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I have problem with this task:

Endomorphism $ F \in L(\mathbb R[t]_3 )$ is given by:

$$ F(p) = 2\cdot p'(t) + (1+t+t^2+t^3)\cdotp(0) $$
Check if the functional system $$ f_j^*(p) = F(p)(j) $$for $j=0,1,2,3$ is a base of $ (\mathbb R[t]_3 )^*$

I have an idea to solve this in this way $$p(t) = at^3 + bt^2 + ct + d $$ $$ F(p)(0) = ... = 2c+d = [0,0,2,1]^T $$ $$ F(p)(1) = ... = 6a+4b+2c+4d = [6,4,2,4]^T $$ $$ F(p)(2) = ... = 24a +8b +2c+13d = [24,8,2,13]^T $$ $$ F(p)(3) = ... = 54a + 12b + 2c + 40d = [54,12,2,40]^T $$ but I don't know what I should do next...

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ℝ[t]3 is of dimension 4. A set of vectors is a base of a vector space if it has the same dimension as the space and if the vectors of the set are linearly independent. In this case, you already have a set which has as many elements as the dimension (4), so you just have to check linear independency to show that it is a base.

EDIT: To see if your 4 vectors are linearly independent, you can put them in a matrix and the matrix has to be of full rank.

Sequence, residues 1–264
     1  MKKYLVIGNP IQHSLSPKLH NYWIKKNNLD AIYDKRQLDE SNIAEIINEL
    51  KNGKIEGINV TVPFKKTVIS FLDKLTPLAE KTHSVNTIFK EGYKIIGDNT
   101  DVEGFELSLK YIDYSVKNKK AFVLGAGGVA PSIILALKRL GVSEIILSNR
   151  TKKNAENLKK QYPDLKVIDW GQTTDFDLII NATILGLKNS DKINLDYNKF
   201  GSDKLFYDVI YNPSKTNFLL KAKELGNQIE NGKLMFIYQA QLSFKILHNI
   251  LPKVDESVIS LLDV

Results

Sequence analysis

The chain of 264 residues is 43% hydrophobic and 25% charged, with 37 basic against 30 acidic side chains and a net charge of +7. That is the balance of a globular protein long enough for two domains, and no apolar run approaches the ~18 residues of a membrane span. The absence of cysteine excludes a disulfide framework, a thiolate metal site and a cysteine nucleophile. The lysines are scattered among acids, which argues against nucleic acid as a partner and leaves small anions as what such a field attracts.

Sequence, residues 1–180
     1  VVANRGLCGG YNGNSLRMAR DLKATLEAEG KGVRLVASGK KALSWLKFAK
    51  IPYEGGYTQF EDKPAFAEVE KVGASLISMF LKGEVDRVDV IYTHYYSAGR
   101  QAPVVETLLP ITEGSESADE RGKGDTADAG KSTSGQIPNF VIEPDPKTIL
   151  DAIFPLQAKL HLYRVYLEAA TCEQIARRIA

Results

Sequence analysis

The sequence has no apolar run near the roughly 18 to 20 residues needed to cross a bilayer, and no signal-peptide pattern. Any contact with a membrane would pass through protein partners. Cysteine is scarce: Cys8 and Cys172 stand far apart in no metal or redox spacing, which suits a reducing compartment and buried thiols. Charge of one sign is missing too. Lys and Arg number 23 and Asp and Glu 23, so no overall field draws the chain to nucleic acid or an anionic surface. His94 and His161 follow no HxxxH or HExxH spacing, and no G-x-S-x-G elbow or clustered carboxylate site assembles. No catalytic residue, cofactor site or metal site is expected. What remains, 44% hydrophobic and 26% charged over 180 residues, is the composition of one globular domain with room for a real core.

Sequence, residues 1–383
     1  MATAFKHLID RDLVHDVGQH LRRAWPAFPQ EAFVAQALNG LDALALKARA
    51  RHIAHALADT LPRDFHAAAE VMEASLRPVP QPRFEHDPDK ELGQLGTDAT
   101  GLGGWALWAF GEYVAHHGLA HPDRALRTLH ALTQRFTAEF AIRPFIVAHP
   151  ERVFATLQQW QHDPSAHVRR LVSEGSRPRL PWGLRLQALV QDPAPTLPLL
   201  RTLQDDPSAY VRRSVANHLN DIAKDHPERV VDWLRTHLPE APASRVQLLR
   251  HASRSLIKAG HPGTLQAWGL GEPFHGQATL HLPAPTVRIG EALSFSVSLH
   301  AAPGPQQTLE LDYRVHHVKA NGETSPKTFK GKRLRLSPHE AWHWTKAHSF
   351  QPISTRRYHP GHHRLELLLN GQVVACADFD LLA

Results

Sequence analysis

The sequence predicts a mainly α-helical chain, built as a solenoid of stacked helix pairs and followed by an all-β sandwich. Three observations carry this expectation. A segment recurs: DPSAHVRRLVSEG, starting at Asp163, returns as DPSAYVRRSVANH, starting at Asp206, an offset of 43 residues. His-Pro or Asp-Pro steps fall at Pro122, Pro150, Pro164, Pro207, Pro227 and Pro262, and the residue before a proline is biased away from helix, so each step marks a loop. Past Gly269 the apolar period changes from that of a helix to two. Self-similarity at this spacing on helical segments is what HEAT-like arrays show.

\begin{pmatrix} 0 &0 &2 &1 \\ 6 &4 &2 &4 \\ 24 &8 &2 &13 \\ 54 &12 &2 &40 \\ \end{pmatrix}

$\vdots$ which after few RE steps gives us the following matrix

\begin{pmatrix} 6 &4 &2 &4 \\ 0 &-8 &-6 &-3 \\ 0 &0 &2 &1 \\ 0 &0 &0 &12 \\ \end{pmatrix}

Which is indeed of full rank (4). Thanks to this, your vectors are linearly independent.

You can now conclude that your set of vectors is a base.

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  • $\begingroup$ Chmmm. Are you sure that it is correctly? $\endgroup$
    – user617243
    Commented Feb 1, 2019 at 13:58
  • $\begingroup$ This is a method which definitely works. It would maybe help me if you could tell me what you think is necessary for a set of vectors to be called a base. $\endgroup$
    – Pale
    Commented Feb 2, 2019 at 15:55

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